Giulia Pustorino: My personal journey

by Giulia Pustorino, Regional Lead for Cumbria and Revit BIM Manager at Weston Williamson + Partners

When I was nominated Women in BIM Regional Lead, one of my main goals was to raise awareness of Women in BIM in my region.

I am a foreigner in a remote area during a pandemic. How can I raise awareness of BIM benefits and create a network of female professionals within the AEC industry dedicated to supporting women in BIM-related roles? I must admit that I felt challenged by this task, and at first, I did not know how to address it.

I had to rethink myself and create connections where there was none. I started looking for other organisations aligned with our core values through LinkedIn. I aimed to understand how to build a WIB network, learn from their experience, and exchange best practices. Instead of doing this, I understood that interacting with a diverse array of organisations supporting women are not distractions from being a WIB Regional Lead but was at the heart of my new role.

LinkedIn was a powerful tool to build a network of people interested in BIM and the role of women in our society.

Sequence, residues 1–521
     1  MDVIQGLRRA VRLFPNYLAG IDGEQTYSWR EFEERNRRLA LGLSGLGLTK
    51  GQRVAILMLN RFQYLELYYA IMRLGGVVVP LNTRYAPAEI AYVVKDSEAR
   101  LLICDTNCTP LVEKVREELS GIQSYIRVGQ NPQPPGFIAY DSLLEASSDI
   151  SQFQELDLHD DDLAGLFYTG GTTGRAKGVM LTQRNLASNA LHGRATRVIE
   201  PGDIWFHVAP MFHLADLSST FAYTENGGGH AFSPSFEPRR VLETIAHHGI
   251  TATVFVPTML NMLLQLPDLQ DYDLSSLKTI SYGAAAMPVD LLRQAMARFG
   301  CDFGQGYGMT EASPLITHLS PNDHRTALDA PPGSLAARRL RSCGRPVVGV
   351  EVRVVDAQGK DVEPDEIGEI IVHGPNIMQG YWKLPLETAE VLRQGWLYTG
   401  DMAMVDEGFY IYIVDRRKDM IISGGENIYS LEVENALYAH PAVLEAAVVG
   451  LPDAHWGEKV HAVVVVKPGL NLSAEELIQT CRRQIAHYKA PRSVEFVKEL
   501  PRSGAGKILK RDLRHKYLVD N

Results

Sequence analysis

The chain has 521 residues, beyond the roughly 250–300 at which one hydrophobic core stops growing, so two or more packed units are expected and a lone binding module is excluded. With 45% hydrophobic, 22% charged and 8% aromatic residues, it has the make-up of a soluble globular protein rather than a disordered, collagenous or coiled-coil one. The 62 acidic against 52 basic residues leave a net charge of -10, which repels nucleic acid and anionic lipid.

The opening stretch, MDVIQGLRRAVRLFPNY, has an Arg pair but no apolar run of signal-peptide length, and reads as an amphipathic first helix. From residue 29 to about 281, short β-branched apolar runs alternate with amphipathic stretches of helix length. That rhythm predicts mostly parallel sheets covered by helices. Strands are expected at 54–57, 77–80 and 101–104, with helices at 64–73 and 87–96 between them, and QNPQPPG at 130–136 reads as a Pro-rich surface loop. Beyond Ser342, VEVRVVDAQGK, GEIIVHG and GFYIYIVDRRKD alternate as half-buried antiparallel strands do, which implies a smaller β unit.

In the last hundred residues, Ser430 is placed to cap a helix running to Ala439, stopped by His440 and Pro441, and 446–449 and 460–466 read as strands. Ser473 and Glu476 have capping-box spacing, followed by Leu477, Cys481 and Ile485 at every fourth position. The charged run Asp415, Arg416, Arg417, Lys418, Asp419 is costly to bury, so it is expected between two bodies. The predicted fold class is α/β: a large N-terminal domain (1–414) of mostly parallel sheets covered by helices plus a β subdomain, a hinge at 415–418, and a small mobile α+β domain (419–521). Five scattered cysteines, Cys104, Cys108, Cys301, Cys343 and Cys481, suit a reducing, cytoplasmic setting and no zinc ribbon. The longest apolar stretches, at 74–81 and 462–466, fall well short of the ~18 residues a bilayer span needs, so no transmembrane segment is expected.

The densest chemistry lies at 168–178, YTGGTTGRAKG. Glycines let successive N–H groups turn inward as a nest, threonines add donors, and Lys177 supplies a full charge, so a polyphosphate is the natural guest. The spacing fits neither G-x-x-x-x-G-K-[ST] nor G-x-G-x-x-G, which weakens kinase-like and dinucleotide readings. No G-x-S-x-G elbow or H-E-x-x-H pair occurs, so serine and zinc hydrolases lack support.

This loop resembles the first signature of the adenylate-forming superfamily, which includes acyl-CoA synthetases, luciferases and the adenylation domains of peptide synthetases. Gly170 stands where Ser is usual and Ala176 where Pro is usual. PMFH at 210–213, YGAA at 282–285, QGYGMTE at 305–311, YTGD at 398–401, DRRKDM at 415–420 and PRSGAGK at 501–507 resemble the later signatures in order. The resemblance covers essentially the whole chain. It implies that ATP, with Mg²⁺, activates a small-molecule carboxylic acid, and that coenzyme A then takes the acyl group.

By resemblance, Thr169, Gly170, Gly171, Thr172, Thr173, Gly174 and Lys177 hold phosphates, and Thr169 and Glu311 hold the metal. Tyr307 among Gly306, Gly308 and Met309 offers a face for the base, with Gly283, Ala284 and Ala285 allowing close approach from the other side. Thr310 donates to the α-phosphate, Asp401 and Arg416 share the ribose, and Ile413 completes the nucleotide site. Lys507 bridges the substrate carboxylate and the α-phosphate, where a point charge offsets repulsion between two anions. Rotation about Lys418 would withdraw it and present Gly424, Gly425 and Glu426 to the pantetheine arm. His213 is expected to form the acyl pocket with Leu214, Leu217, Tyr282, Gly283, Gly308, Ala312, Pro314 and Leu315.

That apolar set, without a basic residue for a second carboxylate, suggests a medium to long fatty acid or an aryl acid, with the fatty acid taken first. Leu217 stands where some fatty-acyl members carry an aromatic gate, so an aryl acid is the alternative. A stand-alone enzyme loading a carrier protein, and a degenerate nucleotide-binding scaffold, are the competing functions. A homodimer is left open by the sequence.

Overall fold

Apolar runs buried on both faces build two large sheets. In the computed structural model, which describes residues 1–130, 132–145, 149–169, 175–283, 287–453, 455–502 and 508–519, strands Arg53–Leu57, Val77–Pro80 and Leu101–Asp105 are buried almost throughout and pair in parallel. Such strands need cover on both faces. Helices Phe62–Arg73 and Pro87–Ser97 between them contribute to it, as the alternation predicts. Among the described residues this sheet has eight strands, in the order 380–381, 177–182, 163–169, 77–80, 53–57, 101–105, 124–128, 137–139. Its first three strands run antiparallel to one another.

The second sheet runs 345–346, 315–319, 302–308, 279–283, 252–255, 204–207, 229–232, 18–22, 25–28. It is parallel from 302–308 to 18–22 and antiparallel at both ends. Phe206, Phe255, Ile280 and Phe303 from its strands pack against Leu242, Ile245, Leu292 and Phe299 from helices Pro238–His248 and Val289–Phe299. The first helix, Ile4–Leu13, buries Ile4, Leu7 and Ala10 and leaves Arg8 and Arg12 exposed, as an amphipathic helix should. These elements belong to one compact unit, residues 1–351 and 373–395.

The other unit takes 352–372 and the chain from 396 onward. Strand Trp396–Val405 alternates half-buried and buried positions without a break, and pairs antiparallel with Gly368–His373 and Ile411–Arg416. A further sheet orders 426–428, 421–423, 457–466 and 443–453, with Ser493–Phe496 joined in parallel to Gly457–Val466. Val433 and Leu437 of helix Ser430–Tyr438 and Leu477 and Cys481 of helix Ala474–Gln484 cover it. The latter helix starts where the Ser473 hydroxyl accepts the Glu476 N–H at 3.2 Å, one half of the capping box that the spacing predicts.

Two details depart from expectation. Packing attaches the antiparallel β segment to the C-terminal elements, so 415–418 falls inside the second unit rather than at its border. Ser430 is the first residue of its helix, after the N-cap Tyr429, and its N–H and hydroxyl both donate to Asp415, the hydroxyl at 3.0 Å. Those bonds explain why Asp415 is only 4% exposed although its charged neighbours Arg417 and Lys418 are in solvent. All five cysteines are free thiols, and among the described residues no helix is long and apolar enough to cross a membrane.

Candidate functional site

BIM is a process for creating and managing information on a construction project across the project lifecycle. Instead of focusing only on my area of expertise, I thought that potentially anyone working from design to managing facility in my area could be interested in it.

Working from home gave me the opportunity to get in contact with several amazing women from my new LinkedIn network and organise virtual meetings. I found that many organisations promoting women in construction had a much-structured network in my area, so I decided to partner with them.

Women in Property, for example, organises periodic breakfast seminars. To collaborate with WIP to organise a breakfast on BIM was a way to attract even more women to their meetings and let them know about Women in BIM.

We organised a joint Women In BIM and Women in Property event in April, and for the second time, I was “Getting out of my comfort zone” talking about BIM. This time was much easier, though.

WIP proposed a provocative topic, “Does BIM have an identity problem?”. Vicki helped me present WIB, and I introduced BIM, talking about the most pertinent challenges and opportunity of using BIM in the construction industry.

One of my goals was to create engagement and share experiences – good and bad – to learn from each other. For this reason, we break the conversation into small groups to incentive the discussion between attendees.

I feel that Women In BIM gave me the tools and confidence to start creating my network.

Networking for me did not come naturally at first. But now that I started and understood its power, I do not want to go back. I will take any opportunity to meet new people, not just for Women In BIM but also for me as a professional. Keep the conversation flowing and leave room for future meetups and discussions.

Events like this allow us to meet women in leadership and find mentors that will guide us as well as finding new opportunities. Together we can help everyone grow.